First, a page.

When a government policy creates winners and losers, economists need to make some ethical judgments to conduct normative analysis. Economists must make ethical judgments when evaluating policies that make one group worse off so another group can be made better off. Ethical judgments are usually unavoidable when economists think about government policies, because there are few policies that make everyone better off. Deciding whether the costs experienced by the losers are justified by the benefits experienced by the winners is partly an ethical judgment.

Q:

What is a Pecuniary Externality?

A:

A pecuniary externality occurs when a market transaction affects other people only through market prices.


Pecuniary externalities do not create market inefficiencies!

You could say that pecuniary externalities are necessary for efficient markets because as goods become more or less scarce, their price should change. Negative and positive externalities, such as pollution and education, cause market inefficiencies because goods are either over-or under-produced and consumed.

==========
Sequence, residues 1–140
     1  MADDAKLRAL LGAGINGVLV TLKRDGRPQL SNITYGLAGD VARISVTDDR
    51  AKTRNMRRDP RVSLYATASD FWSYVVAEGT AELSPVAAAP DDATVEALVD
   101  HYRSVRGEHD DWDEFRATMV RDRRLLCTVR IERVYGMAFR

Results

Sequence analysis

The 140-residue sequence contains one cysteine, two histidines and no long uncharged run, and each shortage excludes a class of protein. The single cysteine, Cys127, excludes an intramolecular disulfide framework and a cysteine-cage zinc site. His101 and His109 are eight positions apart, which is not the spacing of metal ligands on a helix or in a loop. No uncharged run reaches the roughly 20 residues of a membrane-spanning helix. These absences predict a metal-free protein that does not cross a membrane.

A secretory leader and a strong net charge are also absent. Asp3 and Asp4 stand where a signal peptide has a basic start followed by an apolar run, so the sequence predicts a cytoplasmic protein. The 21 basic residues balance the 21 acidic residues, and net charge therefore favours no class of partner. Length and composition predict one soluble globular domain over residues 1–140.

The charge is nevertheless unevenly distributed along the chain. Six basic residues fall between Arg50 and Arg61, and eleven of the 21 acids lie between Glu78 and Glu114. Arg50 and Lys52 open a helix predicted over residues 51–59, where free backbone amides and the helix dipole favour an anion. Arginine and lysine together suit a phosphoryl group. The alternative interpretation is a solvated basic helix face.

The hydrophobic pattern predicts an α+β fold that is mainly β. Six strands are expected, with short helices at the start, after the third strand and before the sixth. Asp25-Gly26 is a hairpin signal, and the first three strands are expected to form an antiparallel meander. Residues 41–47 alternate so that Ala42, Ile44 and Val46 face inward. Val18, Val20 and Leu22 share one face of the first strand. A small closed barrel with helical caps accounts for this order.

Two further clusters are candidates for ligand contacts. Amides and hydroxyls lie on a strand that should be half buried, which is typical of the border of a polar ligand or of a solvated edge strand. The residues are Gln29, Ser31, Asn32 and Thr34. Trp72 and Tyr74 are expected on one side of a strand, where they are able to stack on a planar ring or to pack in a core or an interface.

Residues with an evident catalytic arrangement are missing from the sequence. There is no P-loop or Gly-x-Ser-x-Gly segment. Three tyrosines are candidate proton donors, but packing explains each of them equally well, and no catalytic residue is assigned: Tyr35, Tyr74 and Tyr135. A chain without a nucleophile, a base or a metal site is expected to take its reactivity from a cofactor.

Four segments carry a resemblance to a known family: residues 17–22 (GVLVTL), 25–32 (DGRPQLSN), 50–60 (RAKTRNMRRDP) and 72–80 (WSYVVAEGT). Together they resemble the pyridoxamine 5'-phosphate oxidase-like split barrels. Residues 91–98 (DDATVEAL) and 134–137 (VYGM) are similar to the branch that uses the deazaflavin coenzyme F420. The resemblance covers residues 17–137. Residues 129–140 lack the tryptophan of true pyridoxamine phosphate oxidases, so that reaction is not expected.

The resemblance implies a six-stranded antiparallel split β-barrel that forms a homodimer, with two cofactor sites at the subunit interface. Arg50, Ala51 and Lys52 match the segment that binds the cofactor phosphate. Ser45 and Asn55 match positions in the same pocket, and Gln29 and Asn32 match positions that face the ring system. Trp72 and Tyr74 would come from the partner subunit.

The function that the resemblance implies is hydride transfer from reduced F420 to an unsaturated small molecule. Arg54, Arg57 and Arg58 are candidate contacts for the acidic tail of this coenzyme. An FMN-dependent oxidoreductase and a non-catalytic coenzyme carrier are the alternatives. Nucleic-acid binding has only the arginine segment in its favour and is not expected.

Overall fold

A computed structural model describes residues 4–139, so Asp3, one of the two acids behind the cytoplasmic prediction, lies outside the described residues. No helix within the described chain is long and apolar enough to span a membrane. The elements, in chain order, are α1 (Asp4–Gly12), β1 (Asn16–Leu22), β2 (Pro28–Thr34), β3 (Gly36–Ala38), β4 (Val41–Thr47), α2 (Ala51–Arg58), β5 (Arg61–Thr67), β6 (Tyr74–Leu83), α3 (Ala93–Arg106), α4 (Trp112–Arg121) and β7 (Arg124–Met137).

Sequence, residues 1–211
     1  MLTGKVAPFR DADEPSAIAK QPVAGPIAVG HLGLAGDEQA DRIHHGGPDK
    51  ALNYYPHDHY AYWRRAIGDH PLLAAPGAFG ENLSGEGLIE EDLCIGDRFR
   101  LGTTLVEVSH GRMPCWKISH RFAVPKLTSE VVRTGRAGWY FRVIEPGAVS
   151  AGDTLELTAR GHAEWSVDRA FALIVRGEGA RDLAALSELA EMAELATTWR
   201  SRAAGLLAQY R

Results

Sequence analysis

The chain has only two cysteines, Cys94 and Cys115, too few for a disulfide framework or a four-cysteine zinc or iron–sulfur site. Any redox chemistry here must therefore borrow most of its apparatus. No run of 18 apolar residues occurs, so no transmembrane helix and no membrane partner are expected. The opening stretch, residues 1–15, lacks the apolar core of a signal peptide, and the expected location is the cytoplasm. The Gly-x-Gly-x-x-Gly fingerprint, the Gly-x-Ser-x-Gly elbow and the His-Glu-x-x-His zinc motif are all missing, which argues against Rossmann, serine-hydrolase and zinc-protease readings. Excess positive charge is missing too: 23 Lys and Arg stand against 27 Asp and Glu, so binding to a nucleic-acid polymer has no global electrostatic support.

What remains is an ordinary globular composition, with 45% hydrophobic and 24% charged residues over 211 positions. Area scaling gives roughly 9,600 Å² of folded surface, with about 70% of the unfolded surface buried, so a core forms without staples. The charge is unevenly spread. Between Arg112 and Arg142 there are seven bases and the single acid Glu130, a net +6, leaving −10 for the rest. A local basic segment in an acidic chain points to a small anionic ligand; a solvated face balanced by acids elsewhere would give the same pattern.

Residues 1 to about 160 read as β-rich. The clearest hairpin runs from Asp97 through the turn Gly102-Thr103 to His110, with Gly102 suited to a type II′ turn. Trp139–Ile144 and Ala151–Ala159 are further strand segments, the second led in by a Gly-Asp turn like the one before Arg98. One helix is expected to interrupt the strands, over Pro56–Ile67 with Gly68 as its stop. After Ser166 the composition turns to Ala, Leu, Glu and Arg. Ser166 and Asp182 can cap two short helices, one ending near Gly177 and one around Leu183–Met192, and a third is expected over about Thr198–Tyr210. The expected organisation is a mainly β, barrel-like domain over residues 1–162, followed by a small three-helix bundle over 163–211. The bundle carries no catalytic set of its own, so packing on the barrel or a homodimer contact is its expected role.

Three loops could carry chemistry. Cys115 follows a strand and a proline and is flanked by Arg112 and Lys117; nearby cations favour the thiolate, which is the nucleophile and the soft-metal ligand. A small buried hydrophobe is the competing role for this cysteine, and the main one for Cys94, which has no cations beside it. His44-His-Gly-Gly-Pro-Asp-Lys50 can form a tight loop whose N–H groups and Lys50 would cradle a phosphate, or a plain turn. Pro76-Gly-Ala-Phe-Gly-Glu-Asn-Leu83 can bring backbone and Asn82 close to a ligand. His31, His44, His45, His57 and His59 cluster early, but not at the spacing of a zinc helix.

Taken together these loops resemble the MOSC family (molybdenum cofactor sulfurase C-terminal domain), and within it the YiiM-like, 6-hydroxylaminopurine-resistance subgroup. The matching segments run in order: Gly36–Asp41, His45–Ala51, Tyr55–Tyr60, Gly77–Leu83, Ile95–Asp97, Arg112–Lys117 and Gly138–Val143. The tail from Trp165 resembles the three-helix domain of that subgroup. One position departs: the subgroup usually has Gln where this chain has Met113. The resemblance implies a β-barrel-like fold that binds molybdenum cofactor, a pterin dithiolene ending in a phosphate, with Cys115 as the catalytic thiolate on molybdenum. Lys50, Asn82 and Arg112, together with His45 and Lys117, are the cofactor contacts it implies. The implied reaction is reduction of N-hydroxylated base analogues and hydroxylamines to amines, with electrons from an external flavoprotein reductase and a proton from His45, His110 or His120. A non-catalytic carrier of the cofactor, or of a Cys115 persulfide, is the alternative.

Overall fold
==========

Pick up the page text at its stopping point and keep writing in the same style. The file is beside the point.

Q:

What is Cost-Benefit Analysis and how does it work?

What is Net benefit?

A:

Cost-benefit analysis is a calculation that identifies the best alternative, by summing benefits and subtracting costs, with both benefits and costs denominated in a common unit of measurement, like dollars.


Net benefit is the sum of the benefits of choosing an alternative minus the sum of the costs of choosing that alternative.

Q:

What is the Production Function?

A:

The relationship between the quantity of inputs used and the quantity of outputs produced is called the production function.

Q:

Define Equilibrium

A:

Economists think of the world as a large number of economic agents who are interacting and influencing one another’s efforts at optimization. Recall that equilibrium is the special situation in which everyone is optimizing, so nobody would benefit personally by changing his or her own behavior.


An important clarification needs to accompany this definition. When we say that nobody would benefit personally by changing his or her own behavior, we mean that nobody believes he or she would benefit from such a change. In equilibrium, all economic agents are making their best feasible choices, taking into account all of the information they have, including their beliefs about the behavior of others. We could rewrite the definition by saying that in equilibrium, nobody perceives that they will benefit from changing their own behavior.

Economics